It took decades to stamp out smoking inside the United Nations.
Now the U.N. may have another vice: drinking.
The United States ambassador for management and reform, Joseph Torsella, issued a rare public scolding, by U.N. standards, on personal behavior Monday.
He warned the U.N.'s "fifth committee" panel that negotiating rooms "should in the future be an inebriation-free zone."
U.S. diplomats say there has been excessive drinking surrounding traditional late-night meetings, especially during Christmas-time budget negotiations held by the fifth committee, which handles administration and budgetary matters.
No countries were formally named. However, Russian Ambassador Vitaly Churkin appeared to take some responsibility for his staff when he told CNN Wednesday "there should be no drinking during business sessions. And I'm going to give very clear instructions to that effect to my delegations."
Several other diplomats denied witnessing drinking during work hours. British Ambassador Mark Lyall Grant told CNN, "Of course in diplomacy there are a lot of receptions ... people may have a drink, but it's never come into negotiations."
The United Nations headquarters isn't exactly a frat house, but the combination of diplomats, staff, press corps and long hours can spark a relaxed atmosphere.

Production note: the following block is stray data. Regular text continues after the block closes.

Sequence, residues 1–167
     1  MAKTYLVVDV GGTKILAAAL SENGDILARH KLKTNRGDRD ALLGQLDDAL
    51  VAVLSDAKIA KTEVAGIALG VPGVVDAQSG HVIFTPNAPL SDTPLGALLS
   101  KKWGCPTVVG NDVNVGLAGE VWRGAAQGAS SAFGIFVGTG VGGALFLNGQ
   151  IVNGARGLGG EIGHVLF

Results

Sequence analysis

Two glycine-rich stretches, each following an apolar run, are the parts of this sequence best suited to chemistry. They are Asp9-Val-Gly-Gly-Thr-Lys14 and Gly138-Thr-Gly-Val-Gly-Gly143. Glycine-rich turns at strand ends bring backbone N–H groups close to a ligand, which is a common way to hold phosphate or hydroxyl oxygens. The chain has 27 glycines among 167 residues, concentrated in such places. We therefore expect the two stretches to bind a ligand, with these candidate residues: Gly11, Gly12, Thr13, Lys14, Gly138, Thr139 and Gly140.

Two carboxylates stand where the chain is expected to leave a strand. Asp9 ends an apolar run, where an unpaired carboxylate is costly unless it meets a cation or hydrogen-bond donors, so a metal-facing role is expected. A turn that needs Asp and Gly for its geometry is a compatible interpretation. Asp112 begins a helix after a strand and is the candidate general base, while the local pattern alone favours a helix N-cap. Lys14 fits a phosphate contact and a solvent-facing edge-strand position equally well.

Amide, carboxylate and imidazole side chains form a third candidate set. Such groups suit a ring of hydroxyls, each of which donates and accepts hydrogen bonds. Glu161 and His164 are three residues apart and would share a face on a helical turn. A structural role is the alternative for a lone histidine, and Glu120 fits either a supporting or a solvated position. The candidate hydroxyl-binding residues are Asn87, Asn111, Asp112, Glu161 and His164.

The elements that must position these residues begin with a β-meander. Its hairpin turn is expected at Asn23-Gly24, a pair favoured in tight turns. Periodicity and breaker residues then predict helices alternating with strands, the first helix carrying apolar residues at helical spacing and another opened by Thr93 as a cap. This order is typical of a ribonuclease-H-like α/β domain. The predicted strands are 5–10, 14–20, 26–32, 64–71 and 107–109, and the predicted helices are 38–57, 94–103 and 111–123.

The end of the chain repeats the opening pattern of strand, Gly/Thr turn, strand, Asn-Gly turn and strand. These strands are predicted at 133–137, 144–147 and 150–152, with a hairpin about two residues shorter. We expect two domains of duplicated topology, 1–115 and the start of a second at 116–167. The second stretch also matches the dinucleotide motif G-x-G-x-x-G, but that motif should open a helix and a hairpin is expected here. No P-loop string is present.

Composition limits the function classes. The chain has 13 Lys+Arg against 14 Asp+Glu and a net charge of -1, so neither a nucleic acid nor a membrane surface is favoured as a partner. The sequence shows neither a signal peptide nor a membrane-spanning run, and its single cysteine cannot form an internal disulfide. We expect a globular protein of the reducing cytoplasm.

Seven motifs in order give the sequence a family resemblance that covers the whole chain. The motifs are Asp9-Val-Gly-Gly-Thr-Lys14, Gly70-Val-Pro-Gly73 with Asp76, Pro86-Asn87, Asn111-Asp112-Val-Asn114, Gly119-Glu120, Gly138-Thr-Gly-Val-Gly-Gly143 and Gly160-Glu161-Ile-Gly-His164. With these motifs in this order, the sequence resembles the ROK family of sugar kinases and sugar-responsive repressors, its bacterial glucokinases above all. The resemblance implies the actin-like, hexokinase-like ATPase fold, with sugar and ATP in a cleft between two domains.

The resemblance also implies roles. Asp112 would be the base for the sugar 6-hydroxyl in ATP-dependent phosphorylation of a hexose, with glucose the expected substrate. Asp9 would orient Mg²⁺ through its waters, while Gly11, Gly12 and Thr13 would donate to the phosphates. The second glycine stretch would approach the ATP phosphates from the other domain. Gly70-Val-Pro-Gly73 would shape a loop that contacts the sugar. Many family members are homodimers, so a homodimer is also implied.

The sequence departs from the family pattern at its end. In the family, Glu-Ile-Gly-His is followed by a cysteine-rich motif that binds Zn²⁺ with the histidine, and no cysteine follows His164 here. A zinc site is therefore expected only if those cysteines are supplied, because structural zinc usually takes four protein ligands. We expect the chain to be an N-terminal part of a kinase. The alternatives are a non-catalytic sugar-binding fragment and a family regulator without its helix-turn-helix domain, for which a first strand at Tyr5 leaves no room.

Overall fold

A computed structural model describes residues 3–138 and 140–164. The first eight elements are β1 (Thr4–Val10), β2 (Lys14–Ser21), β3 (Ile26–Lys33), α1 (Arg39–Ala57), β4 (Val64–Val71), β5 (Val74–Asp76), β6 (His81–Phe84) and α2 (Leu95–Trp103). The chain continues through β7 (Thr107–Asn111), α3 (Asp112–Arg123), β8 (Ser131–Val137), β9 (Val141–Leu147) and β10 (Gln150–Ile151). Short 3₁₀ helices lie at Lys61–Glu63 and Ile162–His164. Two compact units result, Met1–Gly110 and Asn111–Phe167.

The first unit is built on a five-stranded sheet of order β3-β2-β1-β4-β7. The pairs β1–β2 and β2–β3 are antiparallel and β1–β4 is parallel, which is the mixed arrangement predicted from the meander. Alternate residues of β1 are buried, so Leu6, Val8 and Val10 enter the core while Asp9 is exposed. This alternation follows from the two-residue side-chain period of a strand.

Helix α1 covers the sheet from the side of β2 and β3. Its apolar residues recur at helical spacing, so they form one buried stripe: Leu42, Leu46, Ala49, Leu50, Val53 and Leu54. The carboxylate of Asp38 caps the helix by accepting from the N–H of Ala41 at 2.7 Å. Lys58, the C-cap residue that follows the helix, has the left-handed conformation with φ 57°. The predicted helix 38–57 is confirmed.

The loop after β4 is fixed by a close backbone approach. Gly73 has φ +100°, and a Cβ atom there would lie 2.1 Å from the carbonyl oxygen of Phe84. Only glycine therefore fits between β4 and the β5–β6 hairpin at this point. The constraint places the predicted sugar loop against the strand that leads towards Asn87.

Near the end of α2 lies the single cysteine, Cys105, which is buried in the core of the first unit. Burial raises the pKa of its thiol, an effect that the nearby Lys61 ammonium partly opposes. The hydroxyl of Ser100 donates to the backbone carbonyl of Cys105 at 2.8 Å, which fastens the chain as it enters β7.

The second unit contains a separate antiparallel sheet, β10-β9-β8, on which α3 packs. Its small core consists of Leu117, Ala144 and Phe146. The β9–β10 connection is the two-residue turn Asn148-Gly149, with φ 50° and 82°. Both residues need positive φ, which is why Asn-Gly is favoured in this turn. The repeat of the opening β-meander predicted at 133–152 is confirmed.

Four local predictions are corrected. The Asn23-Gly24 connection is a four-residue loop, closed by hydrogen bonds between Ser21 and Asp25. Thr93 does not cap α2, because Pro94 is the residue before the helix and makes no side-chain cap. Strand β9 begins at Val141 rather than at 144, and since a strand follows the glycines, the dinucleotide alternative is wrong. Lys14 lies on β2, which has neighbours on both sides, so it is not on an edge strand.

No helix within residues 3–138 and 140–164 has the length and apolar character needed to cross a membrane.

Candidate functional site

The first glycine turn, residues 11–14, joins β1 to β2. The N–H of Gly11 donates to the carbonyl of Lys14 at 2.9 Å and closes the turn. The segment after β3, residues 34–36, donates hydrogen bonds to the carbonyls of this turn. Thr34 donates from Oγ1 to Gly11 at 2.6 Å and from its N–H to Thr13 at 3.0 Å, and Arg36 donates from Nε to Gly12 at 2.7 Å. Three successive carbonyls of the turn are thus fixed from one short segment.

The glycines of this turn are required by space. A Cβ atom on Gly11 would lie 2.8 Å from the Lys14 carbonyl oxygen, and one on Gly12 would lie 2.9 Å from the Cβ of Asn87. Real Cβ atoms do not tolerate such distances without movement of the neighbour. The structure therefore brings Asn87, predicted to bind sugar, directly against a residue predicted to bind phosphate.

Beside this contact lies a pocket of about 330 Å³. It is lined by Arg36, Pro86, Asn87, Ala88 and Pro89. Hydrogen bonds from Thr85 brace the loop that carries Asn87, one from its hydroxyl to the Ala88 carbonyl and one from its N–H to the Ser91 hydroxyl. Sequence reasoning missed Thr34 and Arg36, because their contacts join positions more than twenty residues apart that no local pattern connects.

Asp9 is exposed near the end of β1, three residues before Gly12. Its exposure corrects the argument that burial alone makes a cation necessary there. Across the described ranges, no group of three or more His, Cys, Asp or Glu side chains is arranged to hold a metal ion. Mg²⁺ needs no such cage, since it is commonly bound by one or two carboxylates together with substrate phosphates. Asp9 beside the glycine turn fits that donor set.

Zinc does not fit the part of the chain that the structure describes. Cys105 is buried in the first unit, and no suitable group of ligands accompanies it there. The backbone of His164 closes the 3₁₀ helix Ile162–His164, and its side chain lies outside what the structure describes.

There used to be a bar inside a 'delegates lounge,' but because of building renovations in 2010, there are now few places to get a drink or eat after 3 p.m.
It appears some delegates are bringing liquor into the building.
A deputy spokesman for U.N. Secretary-General Ban Ki-moon, Eduardo Del Buey, said: "I don't think it's up to the secretary-general to tell the member states how to behave. It's up to the individual governments of the member states."
The most famous drinking story erupted overseas nearly three years ago when a senior U.N. official under Ban went on a drunken spiel aimed at his boss during a dinner.
He reportedly said "I know you never liked me, Mr. Secretary-General; well, I never liked you either." Sha Zukang, undersecretary-general for economic and social affairs, later apologized.
Torsella, who issued the drinking warning, has also been on the warpath against excessive business-class travel by U.N. staff who travel overseas.
He told his colleagues, "Let's save the champagne for toasting the successful end of the session and do some credit to the committee's reputation in the process."
Asked about drinking after the meetings, Churkin replied with a smile: "After is a private matter. We all have our private lives, don't we?"